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Thursday, April 22, 2010

Above the Law?

What law? What is this "law" of which you speak, stranger?

The recent dustup over Goldman Sachs, the most powerful bank on Wall Street and one of the largest in the country, is one of the very few critical moments in the bank's history. I use "critical" as a double entendre because not only is the SEC's civil lawsuit against Goldman one of the very few times it's been criticized for its business dealings but when news broke of the SEC's lawsuit, Wall Street's most dependable money-maker lost 10% of its stock price.

But this civil lawsuit, which, at most, will end up with the SEC and not the homeowners who'd been destroyed by Goldman's top executives betting against mortgaged-backed securities through its Abacus program getting a huge fine will guarantee business will go on as usual. This is a day and age in which even multi-million dollar federal fines are a mere ancillary cost of doing business, with bankruptcy courts and "too big to fail" federal bailouts as their Plan B's. After all, since Goldman Sachs just reported first quarter earnings of almost $3.5 billion, who cares if they have to dig between their couch cushions and literally pull a few million dollars out of their fat, pasty asses? It's a money laundering scheme, essentially, meaning the government makes a show of acting tough against the occasional corporation, they pay Uncle Sam millions in fines, we don't see a penny of it and we hear days or weeks later another outrageously innovative way that the same corporation has come up with to make money.

But acting tough with civil lawsuits and questioning Chairmen and CEO's instead of going after them with handcuffs and truncheons (Buzzflash editorial) isn't the same thing as being tough. The 1999 repeal of Glass Steagall, arguably Bill Clinton's lowest moment next to NAFTA, handcuffs even federal regulators who might actually have a desire to reign in what Matt Taibbi famously called the "bloodsucking squidmonster."

It's notable that, even as the NY Times reported that Goldman's elite executives, including Chairman and CEO Lloyd Blankfein himself, manipulated those mortgage-backed securities that were almost sure to fail and fraudulently sold them to their investors, none of them were named in the civil suit that still, at worst, would've been a slap on the wrist.

In fact, Fabrice P. Tourre, the Frenchman "who saw disaster looming" and was a pioneer in the "credit-default swaps" that largely contributed to the housing bubble bursting, is the only Goldman executive named in the civil suit.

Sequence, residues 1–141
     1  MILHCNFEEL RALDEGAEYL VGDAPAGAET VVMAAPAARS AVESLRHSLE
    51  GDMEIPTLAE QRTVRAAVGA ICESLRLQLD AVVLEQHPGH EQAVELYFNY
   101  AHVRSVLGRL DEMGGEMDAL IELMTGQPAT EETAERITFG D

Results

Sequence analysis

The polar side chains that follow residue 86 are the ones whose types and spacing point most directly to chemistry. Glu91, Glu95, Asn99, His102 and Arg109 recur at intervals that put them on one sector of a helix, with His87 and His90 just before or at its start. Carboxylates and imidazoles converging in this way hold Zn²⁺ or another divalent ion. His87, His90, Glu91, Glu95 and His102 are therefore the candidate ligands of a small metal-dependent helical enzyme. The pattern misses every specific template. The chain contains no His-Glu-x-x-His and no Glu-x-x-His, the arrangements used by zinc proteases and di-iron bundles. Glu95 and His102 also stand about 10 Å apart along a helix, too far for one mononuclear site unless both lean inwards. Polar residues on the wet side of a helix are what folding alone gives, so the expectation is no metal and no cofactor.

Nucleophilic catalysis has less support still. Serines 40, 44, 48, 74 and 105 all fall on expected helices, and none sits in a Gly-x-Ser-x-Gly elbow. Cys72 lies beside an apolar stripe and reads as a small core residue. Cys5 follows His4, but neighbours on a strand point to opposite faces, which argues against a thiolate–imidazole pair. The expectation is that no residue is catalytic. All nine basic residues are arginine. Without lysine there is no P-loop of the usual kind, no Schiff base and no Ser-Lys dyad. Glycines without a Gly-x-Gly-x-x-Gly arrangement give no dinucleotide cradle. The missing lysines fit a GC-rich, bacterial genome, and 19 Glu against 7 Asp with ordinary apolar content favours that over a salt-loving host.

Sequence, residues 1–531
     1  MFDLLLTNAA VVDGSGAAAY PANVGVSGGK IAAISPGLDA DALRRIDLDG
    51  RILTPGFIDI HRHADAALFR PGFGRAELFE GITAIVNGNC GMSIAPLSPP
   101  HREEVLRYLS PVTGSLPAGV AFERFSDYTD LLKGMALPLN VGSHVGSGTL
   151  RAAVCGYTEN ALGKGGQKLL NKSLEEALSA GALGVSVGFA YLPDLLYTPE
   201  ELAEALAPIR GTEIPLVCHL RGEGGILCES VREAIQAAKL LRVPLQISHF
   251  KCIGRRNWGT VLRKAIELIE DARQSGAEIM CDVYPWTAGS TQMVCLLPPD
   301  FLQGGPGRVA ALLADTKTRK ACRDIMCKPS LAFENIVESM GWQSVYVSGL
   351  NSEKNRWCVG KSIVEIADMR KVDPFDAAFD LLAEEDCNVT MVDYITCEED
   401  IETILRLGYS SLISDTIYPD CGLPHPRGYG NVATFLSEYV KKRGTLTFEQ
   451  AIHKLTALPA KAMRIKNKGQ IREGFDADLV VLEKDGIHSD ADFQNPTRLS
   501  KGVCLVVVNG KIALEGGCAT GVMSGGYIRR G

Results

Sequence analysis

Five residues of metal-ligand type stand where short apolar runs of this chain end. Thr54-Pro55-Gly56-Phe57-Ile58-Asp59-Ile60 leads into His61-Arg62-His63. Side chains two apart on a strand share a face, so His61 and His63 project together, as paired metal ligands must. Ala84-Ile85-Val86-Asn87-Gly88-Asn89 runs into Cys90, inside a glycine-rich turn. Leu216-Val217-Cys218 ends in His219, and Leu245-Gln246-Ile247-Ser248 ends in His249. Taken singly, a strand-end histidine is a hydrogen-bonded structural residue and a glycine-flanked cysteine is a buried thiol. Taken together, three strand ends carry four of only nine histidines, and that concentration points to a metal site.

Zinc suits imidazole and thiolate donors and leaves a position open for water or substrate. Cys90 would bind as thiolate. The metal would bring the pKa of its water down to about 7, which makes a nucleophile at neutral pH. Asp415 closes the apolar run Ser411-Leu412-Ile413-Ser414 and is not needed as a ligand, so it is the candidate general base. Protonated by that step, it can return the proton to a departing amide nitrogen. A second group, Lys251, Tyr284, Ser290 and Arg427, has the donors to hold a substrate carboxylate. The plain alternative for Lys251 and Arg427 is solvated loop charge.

There are certain people and entities in this country that are simply beyond the law or would be had we any actual laws prohibiting this sort of thing from happening. But Glass Steagall's repeal 11 years ago made possible betting against mortgage-backed securities that were anything but secure. And Blankfein, at most, is occasionally called to Capitol Hill so he can get barked at by toothless Democrats on short leashes. Congressional testimony also gives him another reason to warn Congress about the danger of capping already out-of-control executive compensation.

Hardly a word in the MSM has been said concerning the real victims of this credit default swap that's no better than a massive rigged game of craps, which is the individual homeowner. Homeowners who were suckered into home loans by smooth-talking con men who assured them everything would be alright and that their APR's wouldn't double before the first two years of homeownership.

Homeowners who would then be told pay up twice as much or get the fuck out and, by the way, bail us out to the tune of ten billion dollars and forget about getting any more loans even after we get bailed out, forget about having your loans renegotiated or your mortgages restructured or being able to refinance. The days of you using your house as an ATM machine are long gone.

But not the days of unprecedented profits for places like the corporations that put them out of business and turned them out of their homes because our own government made it more profitable for them to foreclose than it would have been to keep these families in their homes so they could do their part to shore up the economy.

It's never been about shoring up the economy but shoring up parasitic corporations. It has, however been all about socializing losses and privatizing gains, keeping "the dreams of many in the hands of one", as Eugene Debs once defined "investment." And not naming the head vampire squids Blankfein and Cohn and all the top executives under them was not a simple oversight.

A man steals a loaf of bread to feed his family and gets a year in prison. John A. Paulson selling worthless mortgage-backed securities that he knows will fail while swindling investors and helping to get hard-working homeowners evicted makes over $3 billion with utter impunity and all under the radar of the SEC and the mainstream media.

Because there are some people who are simply above the law or would be if there were any actual laws to restrain the Goldman Sachs, Enrons and Worldcoms in our country.
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Anonymous mandt said...
Eventually people will figure out that the greatest crime in a capitalist society is not murder, rape or child abuse, but destroying property. Revolution follows such an awakening as does the downfall.